Rebels vow to ‘liberate’ Congo after seizing towns

Spokesman of the M23 rebel group Lieutenant-Colonel Vianney Kazarama waves at a crowd. Picture: Getty Images
Spokesman of the M23 rebel group Lieutenant-Colonel Vianney Kazarama waves at a crowd. Picture: Getty Images
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Rebel forces in eastern Congo have vowed to “liberate” all of the vast central African country as they began seizing towns near the Rwandan border and spoke of a 1,000-mile march to the capital Kinshasa.

The M23 rebels, widely believed to be backed by Rwanda, captured the eastern city of Goma on Tuesday, a provincial capital home to a million 

Regional leaders called on the rebels to halt their advance and Congo’s president Joseph Kabila appeared to soften his stand yesterday, saying he would look into rebel grievances as the 
insurgents extended their reach.

“The journey to liberate Congo has started now,” Vianney Kazarama, spokesman for the rebel group, told a crowd of more than 1,000 at a stadium in Goma. “We’re going to move on to Bukavu, and then to Kinshasa. Are you ready to join us?”

Hours later, a rebel unit took control of Sake, a strategic town near Goma on the road to Bukavu, 60 miles away. In the 1990s, the current president’s father burst out of the same area at the head of a rebel force to overthrow Mobutu Sese Seko.

The government in Kinshasa issued a statement admitting it had lost the battle but pledging to win the war: “Victory will be ours. That is what the Congolese want.”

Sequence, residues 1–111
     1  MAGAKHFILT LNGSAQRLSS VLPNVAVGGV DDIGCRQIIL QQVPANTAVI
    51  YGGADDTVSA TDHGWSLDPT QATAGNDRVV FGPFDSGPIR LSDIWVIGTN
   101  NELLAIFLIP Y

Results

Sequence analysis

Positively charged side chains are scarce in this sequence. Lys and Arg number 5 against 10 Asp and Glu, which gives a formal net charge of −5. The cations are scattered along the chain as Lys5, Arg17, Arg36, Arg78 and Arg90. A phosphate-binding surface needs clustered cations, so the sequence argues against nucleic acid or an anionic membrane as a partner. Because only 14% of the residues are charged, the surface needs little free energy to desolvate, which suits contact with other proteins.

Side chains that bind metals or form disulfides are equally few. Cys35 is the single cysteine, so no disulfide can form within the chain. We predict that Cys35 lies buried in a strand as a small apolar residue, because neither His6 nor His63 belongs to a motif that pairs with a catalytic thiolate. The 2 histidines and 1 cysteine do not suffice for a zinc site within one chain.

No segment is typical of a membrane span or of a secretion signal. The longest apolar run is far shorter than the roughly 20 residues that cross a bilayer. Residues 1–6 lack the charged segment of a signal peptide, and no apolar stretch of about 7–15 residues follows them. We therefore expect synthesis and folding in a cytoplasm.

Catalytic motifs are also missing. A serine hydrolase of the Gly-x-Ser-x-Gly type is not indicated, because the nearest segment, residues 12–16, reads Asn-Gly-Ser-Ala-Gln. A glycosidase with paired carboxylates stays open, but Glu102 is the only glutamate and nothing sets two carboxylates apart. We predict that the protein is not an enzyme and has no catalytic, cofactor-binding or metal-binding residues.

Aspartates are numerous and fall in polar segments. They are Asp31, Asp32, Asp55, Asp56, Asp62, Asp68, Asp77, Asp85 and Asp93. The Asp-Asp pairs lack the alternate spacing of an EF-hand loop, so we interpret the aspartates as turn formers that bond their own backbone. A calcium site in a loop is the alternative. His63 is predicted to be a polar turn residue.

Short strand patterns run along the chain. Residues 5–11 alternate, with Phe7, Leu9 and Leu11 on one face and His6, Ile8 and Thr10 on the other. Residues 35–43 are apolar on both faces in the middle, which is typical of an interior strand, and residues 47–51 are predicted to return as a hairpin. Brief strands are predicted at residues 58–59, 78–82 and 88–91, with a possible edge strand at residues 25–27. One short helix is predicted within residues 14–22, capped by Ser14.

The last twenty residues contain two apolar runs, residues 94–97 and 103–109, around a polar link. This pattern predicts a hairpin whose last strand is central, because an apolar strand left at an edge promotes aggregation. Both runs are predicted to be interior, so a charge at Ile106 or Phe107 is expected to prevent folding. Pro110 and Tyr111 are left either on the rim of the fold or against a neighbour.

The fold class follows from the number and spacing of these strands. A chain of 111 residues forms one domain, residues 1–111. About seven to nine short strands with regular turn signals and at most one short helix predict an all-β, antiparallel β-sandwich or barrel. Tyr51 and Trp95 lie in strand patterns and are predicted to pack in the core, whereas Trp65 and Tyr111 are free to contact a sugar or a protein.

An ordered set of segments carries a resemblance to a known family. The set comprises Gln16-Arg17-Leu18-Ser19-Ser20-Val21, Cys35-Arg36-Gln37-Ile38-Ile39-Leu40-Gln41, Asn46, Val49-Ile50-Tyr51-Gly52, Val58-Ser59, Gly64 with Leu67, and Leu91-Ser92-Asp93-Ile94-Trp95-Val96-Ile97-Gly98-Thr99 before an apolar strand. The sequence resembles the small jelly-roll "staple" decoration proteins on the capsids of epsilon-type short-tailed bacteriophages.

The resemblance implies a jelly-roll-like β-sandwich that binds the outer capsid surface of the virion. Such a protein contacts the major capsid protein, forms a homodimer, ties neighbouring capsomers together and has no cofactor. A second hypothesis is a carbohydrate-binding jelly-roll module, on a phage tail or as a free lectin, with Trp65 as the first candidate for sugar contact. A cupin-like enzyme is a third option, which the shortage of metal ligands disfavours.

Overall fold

The rebels accuse Kabila of failing to grant them posts in the army in line with a peace deal that ended a previous revolt in 2009. The current rebellion also reflects local ethnic tensions, intertwined with Rwanda’s desire for influence over a neighbouring region rich in minerals.

Rwanda backed the insurgency that swept Kabila’s father, Laurent, to power in 1996 after a march across Congo to oust Mobutu, the veteran dictator.

The new fighting has aggravated tensions between Congo and Rwanda, which the Congolese government says is orchestrating the insurgency as a means of grabbing resources, which include diamonds, gold and coltan, an ore of rare metals used in electronics.

The government in Kigali denies the charges and says Kinshasa and world powers have failed to address the root causes of years of conflict in the region.

Kabila and Rwandan president Paul Kagame met yesterday in the Ugandan capital Kampala after holding three-way talks with Ugandan president Yoweri Museveni late on Tuesday. African foreign ministers urged the African Union to deploy troops to halt the rebels; and Kabila, Kagame and Museveni ordered the rebels to halt their advance.

After refusing any dialogue with the rebels, Kabila said he would evaluate the causes of 
the conflict but gave no further details on possible talks.

But there are signs of trouble for Kabila. A reporter saw hundreds of young men with sticks sack the headquarters of Kabila’s PPRD party in Bukavu, in protest at the Congolese government’s failure to defend Goma.

Goma itself was quiet yesterday, but at the rebel rally in the stadium, dozens of members of the security forces who had not fled the city appeared to have joined the insurgents.

“It’s a problem of governance; there’s no food, there’s no money,” said Rashidi Benshulungu, a captain in military intelligence who had changed sides. “I’m not a politician, 
that’s a problem for Kabila. But we’re following the ARC,” he added, using an acronym used by the M23’s combat force.